3 OF THE MOST BEAUTIFUL VILLAGES IN ITALY
Italy is not just Rome or Venice, Italy is also full of small towns and villages where the time seems to be stopped. Where smells and flavours will make you jumping in the past. Where the old artisanal and manufactoring traditions are preserved. Where you could really discover the Italian charm and the autenticity, though unique architectural, hystorical and countryside gems.
We want to celebrate Italian manufactoring, its pure beauty and richness, proposing you a small selection, from the North to the South of Italy, of those we think are the most beautiful villages to discover.
-Ricetto di Candelo, Piedmont
On the Biella’s Alpes, stands a small medieval village. It is enclosed by wall with high towers on each eadge. During the year, we are seeing one culturale initiative after the other that attracts lots of tourist. Amongs the many, we want to report you “Candelo in Fiore”, a sensorial journey through the flowers’ colours and scents, the international musician competition named to the great Ernesto Falla and the wonderful Christmas market, where you can buy special artisanal pieces and taste the typical crounchy sweet called Ciavarin.
-Spello di Perugia, Umbria
This little town on the sloapes of the Umbrian Appennino, dates back to Roman times, of which we can still find many evidences. Imperator Augustus called it “Splendissima Colonia Julia”. The small city was built from a particular pink limestone that give a marvellous colour to the place at the sunset. Many are the actions to promote the city’s wealth: outstanding qualities of the products, above all the Spello’s gold, the local EVO oil, the landscape and the cultural traditions. In particullary, we suggest you the one called “Le Infiorate”, during which all the squares and the building are decorated with handmade mats and carpets of fresh wild flowers and herbs.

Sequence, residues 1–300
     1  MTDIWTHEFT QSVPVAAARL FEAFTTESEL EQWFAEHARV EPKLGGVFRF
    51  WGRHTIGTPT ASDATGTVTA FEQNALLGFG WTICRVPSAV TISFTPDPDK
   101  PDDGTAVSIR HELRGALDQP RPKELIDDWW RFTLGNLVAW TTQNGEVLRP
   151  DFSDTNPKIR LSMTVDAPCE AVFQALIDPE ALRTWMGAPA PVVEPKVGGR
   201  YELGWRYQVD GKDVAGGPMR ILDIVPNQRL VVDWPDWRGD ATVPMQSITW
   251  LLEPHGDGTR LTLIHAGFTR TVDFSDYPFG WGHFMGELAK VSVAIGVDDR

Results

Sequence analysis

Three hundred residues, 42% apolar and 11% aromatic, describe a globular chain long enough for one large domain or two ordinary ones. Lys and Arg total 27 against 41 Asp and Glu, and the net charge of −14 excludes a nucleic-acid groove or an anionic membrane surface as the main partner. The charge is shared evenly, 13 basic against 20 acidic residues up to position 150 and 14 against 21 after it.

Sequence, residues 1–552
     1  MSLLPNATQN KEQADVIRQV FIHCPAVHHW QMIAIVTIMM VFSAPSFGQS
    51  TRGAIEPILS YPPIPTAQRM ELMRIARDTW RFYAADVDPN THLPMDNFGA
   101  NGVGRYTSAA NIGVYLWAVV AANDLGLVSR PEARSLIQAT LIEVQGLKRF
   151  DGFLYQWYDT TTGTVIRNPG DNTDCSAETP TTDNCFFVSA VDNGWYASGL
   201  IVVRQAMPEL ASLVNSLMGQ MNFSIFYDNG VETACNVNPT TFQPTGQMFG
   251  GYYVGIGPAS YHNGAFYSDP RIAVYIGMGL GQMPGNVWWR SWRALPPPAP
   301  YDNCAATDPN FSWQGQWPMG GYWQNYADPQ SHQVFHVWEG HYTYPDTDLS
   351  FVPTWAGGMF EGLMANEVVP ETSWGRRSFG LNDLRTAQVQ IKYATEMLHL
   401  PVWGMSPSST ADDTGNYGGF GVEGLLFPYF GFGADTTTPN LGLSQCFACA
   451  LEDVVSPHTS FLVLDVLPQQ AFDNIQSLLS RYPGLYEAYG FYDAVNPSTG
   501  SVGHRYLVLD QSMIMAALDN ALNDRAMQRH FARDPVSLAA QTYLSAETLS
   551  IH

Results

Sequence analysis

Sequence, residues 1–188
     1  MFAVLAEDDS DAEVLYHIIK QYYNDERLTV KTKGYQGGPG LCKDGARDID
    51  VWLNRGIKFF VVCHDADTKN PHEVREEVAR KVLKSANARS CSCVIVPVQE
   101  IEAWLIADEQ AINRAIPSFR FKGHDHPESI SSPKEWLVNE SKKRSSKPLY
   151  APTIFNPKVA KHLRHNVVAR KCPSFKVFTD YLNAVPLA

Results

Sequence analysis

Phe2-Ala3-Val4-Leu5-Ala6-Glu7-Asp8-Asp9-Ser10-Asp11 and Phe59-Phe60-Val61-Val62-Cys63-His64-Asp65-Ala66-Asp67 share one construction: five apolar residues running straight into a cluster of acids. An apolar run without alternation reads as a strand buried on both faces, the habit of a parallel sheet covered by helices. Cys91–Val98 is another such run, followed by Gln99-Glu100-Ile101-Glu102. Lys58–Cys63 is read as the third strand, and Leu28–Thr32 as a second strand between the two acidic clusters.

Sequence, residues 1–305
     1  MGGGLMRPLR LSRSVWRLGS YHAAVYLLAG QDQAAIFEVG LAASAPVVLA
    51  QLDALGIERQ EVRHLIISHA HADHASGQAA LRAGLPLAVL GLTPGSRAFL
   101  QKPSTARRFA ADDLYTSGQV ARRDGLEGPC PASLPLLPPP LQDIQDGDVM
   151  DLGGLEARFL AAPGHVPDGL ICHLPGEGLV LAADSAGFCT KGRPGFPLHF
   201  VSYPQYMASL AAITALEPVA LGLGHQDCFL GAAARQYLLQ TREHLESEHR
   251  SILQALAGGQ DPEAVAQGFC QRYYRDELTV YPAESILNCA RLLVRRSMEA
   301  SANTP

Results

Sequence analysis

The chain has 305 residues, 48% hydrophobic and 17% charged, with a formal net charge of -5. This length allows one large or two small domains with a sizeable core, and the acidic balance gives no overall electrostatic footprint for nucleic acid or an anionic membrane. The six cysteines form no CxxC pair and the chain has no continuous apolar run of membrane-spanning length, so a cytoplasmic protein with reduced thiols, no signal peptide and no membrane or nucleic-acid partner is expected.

-Chianalea di Scilla, Calabria
Called also the “small southern Venice” for its tight alleys that going down from the hill to the crystal sea look likes Venetian canals, this fishermen village has ancient origins. Since Homer’s times, the story goes that it was built there by Troian exiles for the richness of its sea. The town is overlooked by an old castle of the X century, named to the famous Homer’s monster Ruffo. Even today, the main activity, in addition to tourism, is fishing. We want to report the Swordfish Festival: three folkloristic days with music, exhibitions, and gastronomical events, dedicated to the rehabilitation of the oldest traditions.